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It sounds like it is. All it means is that when you connect it to the new floor box you will slide the inner plastic sleeve over the box connection using a mastic product to help seal things up, then use a pull tie to tighten it, and then pull the outer insulation over it all. If you are not comfortable doing all this yourself, then consider calling in someone competent to have it done before more problems occurr with your floor including mold issues. It does look like the guys that installed your floor made a real mess of things around your HVAC pipe. It is unfortunate that you were at least not told of the situation, and given the chance to call in someone to take care of it the correct way.
 
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Old 06-29-11, 10:26 AM
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So what I need is a new floor box that fit the hole (I measured a 6" hole in the floor), some mastic or foil tape, not sure what you mean by a pull tie, isn't that a zip cord? Also, in the box where the air goes into first need to be measured? Maybe I can tak eit down altogether and block all the air, rather not. I have a window today that I can do this.
 
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Old 06-29-11, 11:47 AM
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Assuming that this duct was always there and is part of your HVAC air flow system you should keep it active. You may need to buy a 6 inch wide rectangular box and new register grill to match, so may end up needing to cut the floor once you buy the new box. I think there are a variety of lengths up to 14" inside dimension. I have never seen a 6 inch round opening. The ones I am familiar with are rectangular and the grills defuse the air flow into the room. Yes, you need to use a zip tie, but if you decide to also tape, rather than use a mastic product don't use duct tape. Despite the name, it is not suitable for this. A foil tape around the plastic liner/box connection would be more permanent. You want to completely seal the connection as well, and then pull up the insulation over it.
 
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Old 06-29-11, 12:20 PM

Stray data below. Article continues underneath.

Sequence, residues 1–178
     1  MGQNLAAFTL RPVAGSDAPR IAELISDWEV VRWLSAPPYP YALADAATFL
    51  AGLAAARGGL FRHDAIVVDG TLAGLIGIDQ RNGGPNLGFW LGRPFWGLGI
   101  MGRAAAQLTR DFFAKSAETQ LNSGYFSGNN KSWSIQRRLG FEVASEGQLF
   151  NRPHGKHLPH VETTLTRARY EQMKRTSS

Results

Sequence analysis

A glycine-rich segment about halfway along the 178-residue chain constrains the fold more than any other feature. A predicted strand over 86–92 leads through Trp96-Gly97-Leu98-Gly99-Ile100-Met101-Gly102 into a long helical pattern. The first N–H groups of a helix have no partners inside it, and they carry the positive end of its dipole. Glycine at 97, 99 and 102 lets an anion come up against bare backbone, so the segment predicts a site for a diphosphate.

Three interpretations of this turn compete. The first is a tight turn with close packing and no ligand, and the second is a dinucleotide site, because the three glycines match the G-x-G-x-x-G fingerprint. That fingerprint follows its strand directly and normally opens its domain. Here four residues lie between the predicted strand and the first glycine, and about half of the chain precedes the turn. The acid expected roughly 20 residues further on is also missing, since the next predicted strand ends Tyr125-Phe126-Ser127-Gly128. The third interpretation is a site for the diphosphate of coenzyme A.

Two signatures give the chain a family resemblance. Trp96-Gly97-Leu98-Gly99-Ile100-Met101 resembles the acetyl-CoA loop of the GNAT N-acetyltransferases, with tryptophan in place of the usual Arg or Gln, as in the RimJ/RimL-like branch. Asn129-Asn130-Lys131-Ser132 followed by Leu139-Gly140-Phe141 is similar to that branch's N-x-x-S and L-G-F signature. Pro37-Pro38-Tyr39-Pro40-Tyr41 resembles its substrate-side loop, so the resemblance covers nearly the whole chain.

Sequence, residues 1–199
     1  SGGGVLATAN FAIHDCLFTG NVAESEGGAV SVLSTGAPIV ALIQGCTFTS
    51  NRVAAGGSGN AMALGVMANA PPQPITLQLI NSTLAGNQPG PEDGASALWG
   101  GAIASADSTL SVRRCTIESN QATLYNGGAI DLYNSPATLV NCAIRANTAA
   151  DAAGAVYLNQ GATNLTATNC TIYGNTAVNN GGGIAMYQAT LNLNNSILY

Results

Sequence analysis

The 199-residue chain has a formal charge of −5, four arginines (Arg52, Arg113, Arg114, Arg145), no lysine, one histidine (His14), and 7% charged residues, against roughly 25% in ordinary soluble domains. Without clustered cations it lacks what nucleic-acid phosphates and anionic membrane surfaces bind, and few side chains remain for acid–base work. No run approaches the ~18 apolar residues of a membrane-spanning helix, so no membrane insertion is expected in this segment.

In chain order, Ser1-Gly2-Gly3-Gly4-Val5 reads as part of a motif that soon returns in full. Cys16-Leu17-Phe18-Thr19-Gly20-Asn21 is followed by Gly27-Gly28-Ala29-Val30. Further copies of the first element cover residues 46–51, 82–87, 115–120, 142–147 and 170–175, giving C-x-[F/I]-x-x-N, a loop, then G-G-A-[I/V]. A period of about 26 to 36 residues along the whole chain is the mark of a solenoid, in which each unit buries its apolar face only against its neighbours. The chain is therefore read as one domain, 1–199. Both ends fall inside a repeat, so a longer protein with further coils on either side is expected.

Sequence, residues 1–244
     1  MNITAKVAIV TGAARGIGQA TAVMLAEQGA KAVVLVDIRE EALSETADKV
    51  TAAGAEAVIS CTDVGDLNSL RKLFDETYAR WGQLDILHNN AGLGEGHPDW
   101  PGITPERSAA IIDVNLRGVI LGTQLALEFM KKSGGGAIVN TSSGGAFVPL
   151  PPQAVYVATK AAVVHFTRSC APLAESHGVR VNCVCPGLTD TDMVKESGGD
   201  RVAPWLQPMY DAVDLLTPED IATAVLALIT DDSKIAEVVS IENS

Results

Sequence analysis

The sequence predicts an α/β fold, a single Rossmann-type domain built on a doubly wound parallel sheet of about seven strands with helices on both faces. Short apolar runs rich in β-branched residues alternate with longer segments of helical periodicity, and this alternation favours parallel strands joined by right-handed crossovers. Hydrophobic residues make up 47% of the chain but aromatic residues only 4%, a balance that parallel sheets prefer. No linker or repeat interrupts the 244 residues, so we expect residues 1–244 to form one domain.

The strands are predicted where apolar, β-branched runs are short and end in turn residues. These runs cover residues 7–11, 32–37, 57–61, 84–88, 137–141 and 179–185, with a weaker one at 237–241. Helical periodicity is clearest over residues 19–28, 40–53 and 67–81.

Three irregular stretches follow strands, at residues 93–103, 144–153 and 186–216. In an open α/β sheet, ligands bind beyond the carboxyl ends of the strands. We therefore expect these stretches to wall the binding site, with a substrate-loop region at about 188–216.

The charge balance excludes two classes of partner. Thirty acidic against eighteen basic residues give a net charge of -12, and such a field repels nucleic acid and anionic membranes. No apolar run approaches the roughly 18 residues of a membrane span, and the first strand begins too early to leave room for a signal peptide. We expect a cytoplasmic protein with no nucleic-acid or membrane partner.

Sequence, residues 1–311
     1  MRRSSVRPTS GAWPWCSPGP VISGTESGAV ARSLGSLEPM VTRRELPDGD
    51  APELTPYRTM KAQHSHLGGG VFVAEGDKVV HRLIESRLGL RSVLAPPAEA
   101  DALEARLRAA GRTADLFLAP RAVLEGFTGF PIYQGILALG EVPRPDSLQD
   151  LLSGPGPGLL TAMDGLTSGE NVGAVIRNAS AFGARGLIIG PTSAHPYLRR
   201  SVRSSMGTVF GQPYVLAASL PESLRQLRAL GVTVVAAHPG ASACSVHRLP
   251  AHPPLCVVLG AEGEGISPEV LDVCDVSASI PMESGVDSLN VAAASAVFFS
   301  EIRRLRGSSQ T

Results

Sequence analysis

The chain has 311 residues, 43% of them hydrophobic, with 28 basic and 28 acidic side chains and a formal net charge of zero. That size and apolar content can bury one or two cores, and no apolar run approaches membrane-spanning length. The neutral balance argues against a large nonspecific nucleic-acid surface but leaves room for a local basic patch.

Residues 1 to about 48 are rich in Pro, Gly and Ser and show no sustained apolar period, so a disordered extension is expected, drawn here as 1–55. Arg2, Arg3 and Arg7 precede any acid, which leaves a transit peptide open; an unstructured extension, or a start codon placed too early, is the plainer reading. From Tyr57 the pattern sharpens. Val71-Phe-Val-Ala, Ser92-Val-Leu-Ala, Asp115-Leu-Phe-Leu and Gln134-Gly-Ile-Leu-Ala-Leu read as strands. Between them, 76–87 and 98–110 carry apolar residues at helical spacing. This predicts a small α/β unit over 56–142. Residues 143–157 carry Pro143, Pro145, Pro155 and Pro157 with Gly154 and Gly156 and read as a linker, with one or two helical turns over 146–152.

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The duct has always been tnere. At some point in time someone screwed it (looks like a 6 inch pipe) to the subfloor. There was foam insulation to prevent moisture loss. That is falling down now the ac it coming into the house as well as the subfloor. Also, how do I dry the subfloor, a fan, hairdryer...?
 

Last edited by Nightfly; 06-29-11 at 12:22 PM. Reason: left out ?
  #10  
Old 06-30-11, 05:58 AM
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Question

I detached the duct from the subflorr and unscrewed the homemade floor box. It looks like it was a pipe cut several times at the top so it could be attached to a flat surface. It then had this white foam applied to seal it. Well, the moisure let the sealant fall and wet the subfloor. What I am thinking of doing is attaching that same pipe to the top of the subfloor rather than the bottom. The pipe is 6" and the hole is slightly bigger. I did buy some expansion foam, even bondo. I don't have access to the stuff the pros use.[IMG][/IMG]
 
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Old 06-30-11, 04:21 PM
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Most advice you receive on this forum will help you in doing things the correct and proper way, and reinstalling the current air duct configuration is not that. Doing it right may cost a little more but in the end it will last , and not be a problem if you sell the house later and the buyers obtains a home inspection for example.
 
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Old 06-30-11, 05:07 PM
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What would be the correct way? Could you list piece by piece as I want to not have to go back?